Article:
Samurai Project By: ethan johnson

Samurai Armor, Weapons, and Fighting

They wore heavy armor made of small metal plates coated in lacquer and laced with colorful silk cords. under that they wore a colorful Raul robe call a kimono and baggy trousers. They also wore shinguards made of leather and cloth to protect his legs. This armor was strong yet flexible.

Samurai fought with bows and arrows, spears, and swords. The bow could be up to eight feet long, so that it would require a lot of strength to use it. They would ride of horseback while shotting their enemies. In hand-to-hand combat, they would use their spears to knock the riders off their horses. The samurai most prized weapon was their sword. Flexible enough not to break, but was razor sharp and was strong.

They did mental and physical training. They learned how to make their enemy do the first move, stay out of range from the sword, and how to fight in close areas. They also learned martial arts. The idea for that was to use their enemies strength against them. The mental training was to learn self-control so they could overcome emotions so they didn't get distracted in battle, especially the fear of death.

Spiritual Training

Amida Buddhism - Found by a monk named Honen. These Buddhists thought that all people should go to paradise, Honen taught that believers could reach paradise by the mercy of Amida Buddha. Amida was a Indian prince, and when he became Buddha, he created a western paradise called the Pure Land. Honen told that believers could enter the Pure Land only if they said Amida's name 70,000 times a day. If they did that, when those believers died, Smida would escort those believers to the Pure Land.

Zen Buddhism - This type of Buddhism was the one samurai liked better because it emphasized effort and discipline. Unlike Amida, Zen stressed self-reliance and achieving enlightenment through meditation. To reach enlightenment, Zen Buddhists meditated for hours, sitting erect and cross-legged without moving. They create gardens to aid meditation. To reach enlightenment, they have to give up everyday, logical thinking. Masters posed puzzled questions called koans.

Women in Samurai Society

The position of women in samurai society declined over time. At first, women of that warrior class enjoyed honor and respect. By the 17th century, samurai women were treated as inferior as their husbands. During the 12th century, samurai women enjoyed considerable status. A samurai's wife would helped manage the household and promote the family's interest. Some women fought along side men. In the 17th century, as warrior culture developed, women's position decreased. According to one saying, when they were young, women they obeyed their father; when grown, their husband; when old, their sons. Not all Japanese women were treated the same way. Peasant women were treated with som respect because they were working alongside their husbands. But in samurai families, women were completely under men's control.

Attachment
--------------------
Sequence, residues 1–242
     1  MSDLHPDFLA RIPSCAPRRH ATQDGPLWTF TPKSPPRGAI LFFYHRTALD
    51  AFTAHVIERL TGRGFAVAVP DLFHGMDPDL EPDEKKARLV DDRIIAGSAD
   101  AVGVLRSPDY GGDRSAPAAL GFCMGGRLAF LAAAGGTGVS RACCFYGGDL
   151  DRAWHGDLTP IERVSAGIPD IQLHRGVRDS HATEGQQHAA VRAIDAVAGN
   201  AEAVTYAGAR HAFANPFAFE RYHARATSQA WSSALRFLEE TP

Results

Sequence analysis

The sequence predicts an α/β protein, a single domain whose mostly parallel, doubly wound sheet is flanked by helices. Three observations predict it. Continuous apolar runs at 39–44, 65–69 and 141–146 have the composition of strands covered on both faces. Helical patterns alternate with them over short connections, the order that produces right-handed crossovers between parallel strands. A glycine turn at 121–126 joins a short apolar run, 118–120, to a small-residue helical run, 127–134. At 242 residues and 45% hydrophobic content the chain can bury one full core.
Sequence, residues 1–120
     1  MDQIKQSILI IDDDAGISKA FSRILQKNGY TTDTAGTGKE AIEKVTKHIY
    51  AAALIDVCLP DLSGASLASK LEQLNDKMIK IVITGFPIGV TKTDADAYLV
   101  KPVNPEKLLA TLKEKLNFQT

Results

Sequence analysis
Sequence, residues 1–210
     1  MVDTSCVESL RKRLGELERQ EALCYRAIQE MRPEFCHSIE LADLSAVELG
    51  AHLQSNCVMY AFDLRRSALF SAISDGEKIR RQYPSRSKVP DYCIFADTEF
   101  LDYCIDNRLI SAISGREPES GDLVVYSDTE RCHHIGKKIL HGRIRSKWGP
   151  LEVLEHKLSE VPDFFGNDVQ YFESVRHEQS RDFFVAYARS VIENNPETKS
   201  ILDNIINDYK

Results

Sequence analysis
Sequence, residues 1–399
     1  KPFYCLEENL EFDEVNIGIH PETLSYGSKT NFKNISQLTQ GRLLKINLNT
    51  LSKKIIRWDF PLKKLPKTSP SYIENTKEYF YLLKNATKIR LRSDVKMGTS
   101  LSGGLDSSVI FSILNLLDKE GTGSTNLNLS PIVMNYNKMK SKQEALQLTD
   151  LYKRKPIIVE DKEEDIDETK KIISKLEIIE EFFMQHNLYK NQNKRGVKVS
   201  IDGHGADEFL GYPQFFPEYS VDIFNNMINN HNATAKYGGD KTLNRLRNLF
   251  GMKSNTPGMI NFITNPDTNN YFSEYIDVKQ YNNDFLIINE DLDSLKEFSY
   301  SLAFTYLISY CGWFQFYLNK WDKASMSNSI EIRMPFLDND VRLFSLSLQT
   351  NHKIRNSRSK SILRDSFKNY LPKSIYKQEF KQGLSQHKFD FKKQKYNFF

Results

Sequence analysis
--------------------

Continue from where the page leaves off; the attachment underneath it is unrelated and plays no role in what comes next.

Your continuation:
The Rise of Military Society

In 1185, Minamoto Yoritomo came to power in Japan. In 1192, he took the title of shogun, or commander-in-chief. Yoritomo did not take the place as emperor. Instead, he set up a military government with his own capital in the city of Kamakura. Increasingly, professional warriors-samurai-became Japan's ruling class. This military government was ruled by a shogun. In the 14th century the shogun ruled with the help of warrior-lords called daimyos. In turn, the daimyos were supported by large numbers of samurai. Over time, the position of the shogun weakened while daimyos became increasingly powerful. Daimyos began to treated their land as independent kingdoms. Samurai now allied themselves with their daimyo lords.

Training in Writing, Literature, and the Tea Ceremony

By the more peaceful 17th century, samurai were expect to be students of culture as well as fierce warriors. Two important aspects of culture were writing and literature. Samurai practiced calligraphy, the beautiful form of writing. Samurai also practiced poetry. One famous samurai poet called Matsuo Basho, invented a new form of short poetry that was later called a haiku. Another aspect of culture that samurai studied was the tea ceremony. The tea ceremony fostered a spirit of harmony, reverence, and calm. It also served as an important way to form political alliances among samurai.

The End

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